MAR VISTA (CBSLA) — A Mar Vista businessman says a road diet meant to improve traffic on his street ended his dream of selling food where his grandfather did the same more than 60 years ago.
"It was a beautiful family legacy," restaurateur John Atkinson told CBS2 News as he wiped a tear from his eye. "You're gonna make me tear up because this is what we wanted to do."
The owner of the recently shuttered Louie's in Mar Vista says business at his restaurant and bar plummeted after new bike lanes and parking were placed on either side of Venice Boulevard near Grand View earlier this year.
Atkinson admits his decision to run his other business full-time contributed to his eatery closing, but he called the road diet "the last nail in the coffin."
This is not the first criticism of the street re-channeling project. This summer, angry residents lashed out area Councilman Mike Bonin at a town hall, saying the road diet was causing so much congestion, it was a public safety concern. They said the traffic would prevent an easy egress from the area in case of a natural disaster.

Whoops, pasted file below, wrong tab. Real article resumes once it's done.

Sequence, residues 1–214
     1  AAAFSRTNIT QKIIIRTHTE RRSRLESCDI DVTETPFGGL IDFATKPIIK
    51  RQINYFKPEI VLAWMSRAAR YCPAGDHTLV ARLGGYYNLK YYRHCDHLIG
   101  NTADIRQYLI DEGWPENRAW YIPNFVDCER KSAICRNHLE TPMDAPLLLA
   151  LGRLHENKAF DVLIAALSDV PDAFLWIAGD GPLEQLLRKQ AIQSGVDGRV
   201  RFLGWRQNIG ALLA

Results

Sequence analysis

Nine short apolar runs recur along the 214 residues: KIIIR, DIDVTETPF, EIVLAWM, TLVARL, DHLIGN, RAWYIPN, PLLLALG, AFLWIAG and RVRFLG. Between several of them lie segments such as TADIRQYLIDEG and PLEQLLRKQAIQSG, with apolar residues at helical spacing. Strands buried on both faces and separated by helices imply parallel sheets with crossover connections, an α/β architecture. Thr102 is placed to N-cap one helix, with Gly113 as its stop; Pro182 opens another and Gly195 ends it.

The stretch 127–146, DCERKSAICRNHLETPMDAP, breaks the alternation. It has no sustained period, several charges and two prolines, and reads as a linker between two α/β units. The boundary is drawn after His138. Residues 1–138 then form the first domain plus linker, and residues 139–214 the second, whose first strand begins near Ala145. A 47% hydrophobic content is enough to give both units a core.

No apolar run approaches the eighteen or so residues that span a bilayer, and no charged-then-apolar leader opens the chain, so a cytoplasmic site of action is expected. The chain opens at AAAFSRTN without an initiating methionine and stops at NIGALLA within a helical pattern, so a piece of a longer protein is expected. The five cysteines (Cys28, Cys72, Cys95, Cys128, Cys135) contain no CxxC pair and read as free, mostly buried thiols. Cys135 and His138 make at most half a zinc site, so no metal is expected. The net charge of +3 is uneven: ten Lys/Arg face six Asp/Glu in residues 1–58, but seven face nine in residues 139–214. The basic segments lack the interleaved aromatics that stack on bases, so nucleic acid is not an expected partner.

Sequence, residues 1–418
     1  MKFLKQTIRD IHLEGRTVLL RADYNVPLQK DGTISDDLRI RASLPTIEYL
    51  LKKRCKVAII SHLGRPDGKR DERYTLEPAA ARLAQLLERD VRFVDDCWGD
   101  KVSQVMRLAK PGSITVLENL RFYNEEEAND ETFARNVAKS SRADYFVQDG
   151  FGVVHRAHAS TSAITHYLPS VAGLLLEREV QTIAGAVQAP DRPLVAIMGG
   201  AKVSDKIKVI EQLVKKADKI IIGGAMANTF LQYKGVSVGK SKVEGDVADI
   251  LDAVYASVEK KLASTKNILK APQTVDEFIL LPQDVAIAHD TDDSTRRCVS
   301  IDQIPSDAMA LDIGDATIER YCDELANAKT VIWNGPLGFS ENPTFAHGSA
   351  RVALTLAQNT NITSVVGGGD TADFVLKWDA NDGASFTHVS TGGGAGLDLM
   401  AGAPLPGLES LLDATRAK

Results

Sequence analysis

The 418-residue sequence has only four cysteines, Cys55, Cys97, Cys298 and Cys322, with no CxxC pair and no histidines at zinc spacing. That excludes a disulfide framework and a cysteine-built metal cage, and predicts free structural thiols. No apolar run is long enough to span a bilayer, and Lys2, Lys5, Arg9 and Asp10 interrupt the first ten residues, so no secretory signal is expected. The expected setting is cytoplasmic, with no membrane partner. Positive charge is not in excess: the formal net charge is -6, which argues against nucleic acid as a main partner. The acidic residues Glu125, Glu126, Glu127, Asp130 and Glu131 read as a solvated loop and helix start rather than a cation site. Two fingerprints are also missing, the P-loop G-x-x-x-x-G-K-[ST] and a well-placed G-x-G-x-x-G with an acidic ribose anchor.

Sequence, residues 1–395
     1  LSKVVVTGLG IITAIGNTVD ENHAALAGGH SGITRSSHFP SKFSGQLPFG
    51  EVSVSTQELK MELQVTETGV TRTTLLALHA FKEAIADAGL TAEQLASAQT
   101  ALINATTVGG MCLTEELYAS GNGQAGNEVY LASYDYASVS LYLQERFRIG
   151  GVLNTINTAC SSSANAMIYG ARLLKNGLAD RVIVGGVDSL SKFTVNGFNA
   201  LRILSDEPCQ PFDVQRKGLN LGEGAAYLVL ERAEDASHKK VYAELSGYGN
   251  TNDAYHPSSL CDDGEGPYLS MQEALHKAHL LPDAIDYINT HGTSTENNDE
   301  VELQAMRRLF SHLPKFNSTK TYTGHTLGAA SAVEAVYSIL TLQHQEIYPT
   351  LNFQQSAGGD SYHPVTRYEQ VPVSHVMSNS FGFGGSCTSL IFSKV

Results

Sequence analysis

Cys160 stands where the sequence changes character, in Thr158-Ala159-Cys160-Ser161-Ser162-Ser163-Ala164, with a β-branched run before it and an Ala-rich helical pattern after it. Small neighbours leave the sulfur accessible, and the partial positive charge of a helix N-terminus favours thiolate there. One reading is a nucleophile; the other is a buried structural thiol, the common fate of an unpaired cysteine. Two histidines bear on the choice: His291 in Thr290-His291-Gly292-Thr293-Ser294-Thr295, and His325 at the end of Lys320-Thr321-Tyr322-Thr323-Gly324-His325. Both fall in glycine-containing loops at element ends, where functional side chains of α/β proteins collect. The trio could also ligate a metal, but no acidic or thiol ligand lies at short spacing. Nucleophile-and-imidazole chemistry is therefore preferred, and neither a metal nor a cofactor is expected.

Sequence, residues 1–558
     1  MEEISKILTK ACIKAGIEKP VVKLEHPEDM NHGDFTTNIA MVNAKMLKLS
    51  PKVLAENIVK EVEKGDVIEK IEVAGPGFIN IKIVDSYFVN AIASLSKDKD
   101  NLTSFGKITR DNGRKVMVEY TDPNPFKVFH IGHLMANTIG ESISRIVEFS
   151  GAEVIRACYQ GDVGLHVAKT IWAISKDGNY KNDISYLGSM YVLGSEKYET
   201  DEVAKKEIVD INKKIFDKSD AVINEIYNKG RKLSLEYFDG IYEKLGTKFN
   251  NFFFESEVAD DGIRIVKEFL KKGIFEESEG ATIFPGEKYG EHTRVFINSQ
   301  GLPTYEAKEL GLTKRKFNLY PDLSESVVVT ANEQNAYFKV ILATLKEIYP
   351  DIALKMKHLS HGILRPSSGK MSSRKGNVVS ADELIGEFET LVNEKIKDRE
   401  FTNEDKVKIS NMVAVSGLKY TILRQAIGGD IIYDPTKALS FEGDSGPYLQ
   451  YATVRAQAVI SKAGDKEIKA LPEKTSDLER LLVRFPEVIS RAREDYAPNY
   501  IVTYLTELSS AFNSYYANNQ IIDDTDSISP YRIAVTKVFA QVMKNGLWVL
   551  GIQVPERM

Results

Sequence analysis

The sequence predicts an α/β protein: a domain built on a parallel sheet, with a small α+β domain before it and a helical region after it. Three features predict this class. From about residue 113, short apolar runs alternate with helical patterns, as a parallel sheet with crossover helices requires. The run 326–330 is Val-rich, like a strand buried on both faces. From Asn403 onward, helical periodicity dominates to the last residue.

Bonin did not reply to a request for a statement from CBS2.
The project was part Mayor Eric Garcetti's Great Streets Initiative, which calls for the removal of a lane for cars to create a bike lane and parking along a main thoroughfare in every Los Angeles council district.
The owner of Venice Grind coffeeshop told CBS2 their business is down 25 percent since the road diet went into effect.
Atkinson also says that, rather than make the street safer for bikers, the bottlenecks have made them more dangerous.
"I saw two people get hit on bicycles in a month, and in five years, I never saw anybody get hit on a bicycle," Atkinson told CBS2.
Atkinson's grandfather ran Louie's Meat Market with a fellow World War II veteran at the location from 1954 to 1969.
He says the road diet is a flawed design that ruined a dream.
"Politicians murdered me," laments Atkinson. "They killed my business."
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